Automated Mastering Services?

Hey Folks, 

I've had a customer, who wanted me to create his master (sequencing, metadata, ddp etc.). The music was already premastered by an automated online mastering service. I have heard of those, however I've never had the pleasure to work with music mastered by such a service. Naturally, I was very curious to listen to the music and get a picture of how good these "Mastering-Bots" actually are.

At first I was pleasantly surprised. The music sounded balanced, clear, fat, with a tendency to harshness and over-brightness, but within reason. It was only the more I listened to it, the worse it got. Today, some time after the session, I sat down and reopened the project to really explore the ins and outs of those algorithm-creations.
The first thing I noticed (already in the session) was that there was no care taken concerning clipping. I saw clips all the way up to +1,2dbFS and almost EVERY song was clipping. The only ones that didn't were the quiet Intro and the also quiet Piano-Solo Interlude.
Not only are Clips like that not conform with the "Mastered For iTunes" Rules, but they create distortion, which isn't audible most of the time but becomes noticeable in extreme situations.

The next thing I noticed was that in some instances, certain processing steps became very questionable. In one case, there was pumping compression on the left channel only, probably because the right channel held more heavy transient information and the same compression was applied to both channels. Separate processing for the L and R channels would've been needed in this case.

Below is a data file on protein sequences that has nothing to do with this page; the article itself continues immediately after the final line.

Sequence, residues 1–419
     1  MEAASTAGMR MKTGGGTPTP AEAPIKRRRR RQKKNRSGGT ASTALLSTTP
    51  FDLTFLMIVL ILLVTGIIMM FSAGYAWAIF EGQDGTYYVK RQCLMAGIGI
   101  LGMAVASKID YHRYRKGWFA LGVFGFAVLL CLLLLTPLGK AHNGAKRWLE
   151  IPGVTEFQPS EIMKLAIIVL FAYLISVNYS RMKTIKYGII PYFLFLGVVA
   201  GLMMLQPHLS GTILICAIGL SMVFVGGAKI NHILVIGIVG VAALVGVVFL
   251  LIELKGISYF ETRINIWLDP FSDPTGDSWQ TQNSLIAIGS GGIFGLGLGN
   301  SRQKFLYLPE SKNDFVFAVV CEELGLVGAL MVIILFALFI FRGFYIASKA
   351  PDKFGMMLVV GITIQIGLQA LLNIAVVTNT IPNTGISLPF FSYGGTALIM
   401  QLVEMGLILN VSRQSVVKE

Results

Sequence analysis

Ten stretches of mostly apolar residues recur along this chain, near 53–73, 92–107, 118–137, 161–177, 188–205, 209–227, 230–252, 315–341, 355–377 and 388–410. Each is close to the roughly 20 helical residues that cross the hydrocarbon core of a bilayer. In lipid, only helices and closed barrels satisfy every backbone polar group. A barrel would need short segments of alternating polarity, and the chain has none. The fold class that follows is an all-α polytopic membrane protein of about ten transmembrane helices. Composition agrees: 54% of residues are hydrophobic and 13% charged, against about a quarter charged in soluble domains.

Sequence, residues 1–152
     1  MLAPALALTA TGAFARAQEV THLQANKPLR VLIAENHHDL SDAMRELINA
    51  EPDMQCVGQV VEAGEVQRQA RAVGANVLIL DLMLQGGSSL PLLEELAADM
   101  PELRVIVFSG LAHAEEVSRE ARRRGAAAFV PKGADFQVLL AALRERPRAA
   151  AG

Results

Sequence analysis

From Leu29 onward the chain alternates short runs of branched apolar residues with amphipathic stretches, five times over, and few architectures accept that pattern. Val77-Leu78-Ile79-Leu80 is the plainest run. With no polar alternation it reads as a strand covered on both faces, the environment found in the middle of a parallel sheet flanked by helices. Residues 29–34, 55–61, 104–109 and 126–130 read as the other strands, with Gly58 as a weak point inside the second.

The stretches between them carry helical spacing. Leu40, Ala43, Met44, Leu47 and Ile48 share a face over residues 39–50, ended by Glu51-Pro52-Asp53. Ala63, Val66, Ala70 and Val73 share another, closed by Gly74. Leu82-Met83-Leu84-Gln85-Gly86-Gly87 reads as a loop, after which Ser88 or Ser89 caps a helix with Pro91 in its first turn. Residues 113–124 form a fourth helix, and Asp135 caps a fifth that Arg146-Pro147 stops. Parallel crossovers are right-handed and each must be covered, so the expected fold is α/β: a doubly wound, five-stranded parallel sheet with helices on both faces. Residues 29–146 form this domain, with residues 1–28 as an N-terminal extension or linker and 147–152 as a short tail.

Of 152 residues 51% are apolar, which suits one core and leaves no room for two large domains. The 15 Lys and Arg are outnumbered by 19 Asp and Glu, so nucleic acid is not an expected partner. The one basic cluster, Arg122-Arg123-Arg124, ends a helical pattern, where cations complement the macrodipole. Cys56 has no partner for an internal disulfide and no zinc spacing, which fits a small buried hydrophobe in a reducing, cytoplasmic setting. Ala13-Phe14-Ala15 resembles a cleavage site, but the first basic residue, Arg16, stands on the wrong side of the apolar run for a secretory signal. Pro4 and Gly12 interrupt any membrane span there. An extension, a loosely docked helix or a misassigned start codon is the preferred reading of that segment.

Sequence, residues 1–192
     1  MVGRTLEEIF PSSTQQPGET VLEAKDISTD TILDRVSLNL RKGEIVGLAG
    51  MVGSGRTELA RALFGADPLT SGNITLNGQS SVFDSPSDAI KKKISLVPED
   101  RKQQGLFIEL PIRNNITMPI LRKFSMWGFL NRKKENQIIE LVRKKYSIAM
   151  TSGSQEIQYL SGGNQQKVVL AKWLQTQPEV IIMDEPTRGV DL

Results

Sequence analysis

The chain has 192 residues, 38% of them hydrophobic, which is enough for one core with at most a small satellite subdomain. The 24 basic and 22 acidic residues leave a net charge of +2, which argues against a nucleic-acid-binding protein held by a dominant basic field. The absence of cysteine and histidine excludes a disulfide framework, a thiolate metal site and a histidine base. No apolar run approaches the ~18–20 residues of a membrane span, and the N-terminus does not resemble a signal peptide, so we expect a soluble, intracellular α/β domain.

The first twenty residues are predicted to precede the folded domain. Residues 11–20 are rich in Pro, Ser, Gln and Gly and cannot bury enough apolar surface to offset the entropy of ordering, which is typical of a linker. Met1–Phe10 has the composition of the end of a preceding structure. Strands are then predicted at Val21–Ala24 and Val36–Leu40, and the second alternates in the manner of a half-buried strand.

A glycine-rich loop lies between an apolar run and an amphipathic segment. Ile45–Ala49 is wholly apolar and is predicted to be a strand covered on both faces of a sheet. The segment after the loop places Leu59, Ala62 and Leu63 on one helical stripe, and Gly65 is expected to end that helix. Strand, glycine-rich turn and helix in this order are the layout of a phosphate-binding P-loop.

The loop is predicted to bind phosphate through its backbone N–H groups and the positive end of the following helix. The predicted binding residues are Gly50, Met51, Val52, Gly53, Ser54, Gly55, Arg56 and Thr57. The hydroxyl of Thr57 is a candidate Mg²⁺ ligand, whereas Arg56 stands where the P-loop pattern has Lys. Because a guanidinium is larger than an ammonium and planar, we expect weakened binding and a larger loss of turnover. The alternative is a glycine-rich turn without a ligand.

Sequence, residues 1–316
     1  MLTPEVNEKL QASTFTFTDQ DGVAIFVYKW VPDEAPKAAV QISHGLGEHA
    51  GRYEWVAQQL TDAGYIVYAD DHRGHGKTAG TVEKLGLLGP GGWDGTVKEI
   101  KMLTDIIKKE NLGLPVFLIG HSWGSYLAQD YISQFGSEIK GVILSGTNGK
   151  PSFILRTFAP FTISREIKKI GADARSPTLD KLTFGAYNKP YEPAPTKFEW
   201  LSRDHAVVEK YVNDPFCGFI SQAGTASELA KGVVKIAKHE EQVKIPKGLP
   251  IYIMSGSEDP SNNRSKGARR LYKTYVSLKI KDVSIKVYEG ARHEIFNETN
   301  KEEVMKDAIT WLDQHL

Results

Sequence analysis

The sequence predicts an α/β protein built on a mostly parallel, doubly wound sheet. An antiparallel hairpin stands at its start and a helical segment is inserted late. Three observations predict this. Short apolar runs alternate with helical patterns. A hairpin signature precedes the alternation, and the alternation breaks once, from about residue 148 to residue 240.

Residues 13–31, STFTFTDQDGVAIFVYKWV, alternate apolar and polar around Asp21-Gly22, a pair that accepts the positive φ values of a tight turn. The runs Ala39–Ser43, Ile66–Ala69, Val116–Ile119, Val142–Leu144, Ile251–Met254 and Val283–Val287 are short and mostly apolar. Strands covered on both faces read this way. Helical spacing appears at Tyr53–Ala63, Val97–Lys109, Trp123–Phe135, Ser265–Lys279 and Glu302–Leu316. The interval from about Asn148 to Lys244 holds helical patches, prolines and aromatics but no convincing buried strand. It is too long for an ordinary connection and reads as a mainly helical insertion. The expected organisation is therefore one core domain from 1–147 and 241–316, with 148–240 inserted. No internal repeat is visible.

Again, listening to the stereo track, I didn't notice the problem at first... The devil really is in the details in this case!

Another problem I had with the automated masters was the lack of cleaning up source material. Some songs showed very obvious (although not devastating) objective flaws. Examples of that would be uncomfortable high frequency films, muddy bass, strong sibilants, single frequencies/areas that pop out and disturb the balance. I imagine that a computer algorithm should be able to detect these!
Maybe these problems only showed after the processing, but that's even worse! Mastering is supposed to make things sound better, not worse!

My conclusion after a thorough listening session was that I'm absolutely not convinced that an automated online mastering service is adequate and should be paid for.  Please note that my material was only one case of automated mastering and I will have to investigate this matter further. I will say that in some cases, a service like that, much like presets in Mastering-Plugins might work, but I wouldn't bet my money on it.

If I were a young band looking for a relatively cheap way to get their music mastered, I would look into local mastering engineers and try to work out a deal (most engineers will probably meet you somewhere along the way).
Good Mastering is crucial and you might be surprised, what an experienced engineer can help you and your music with!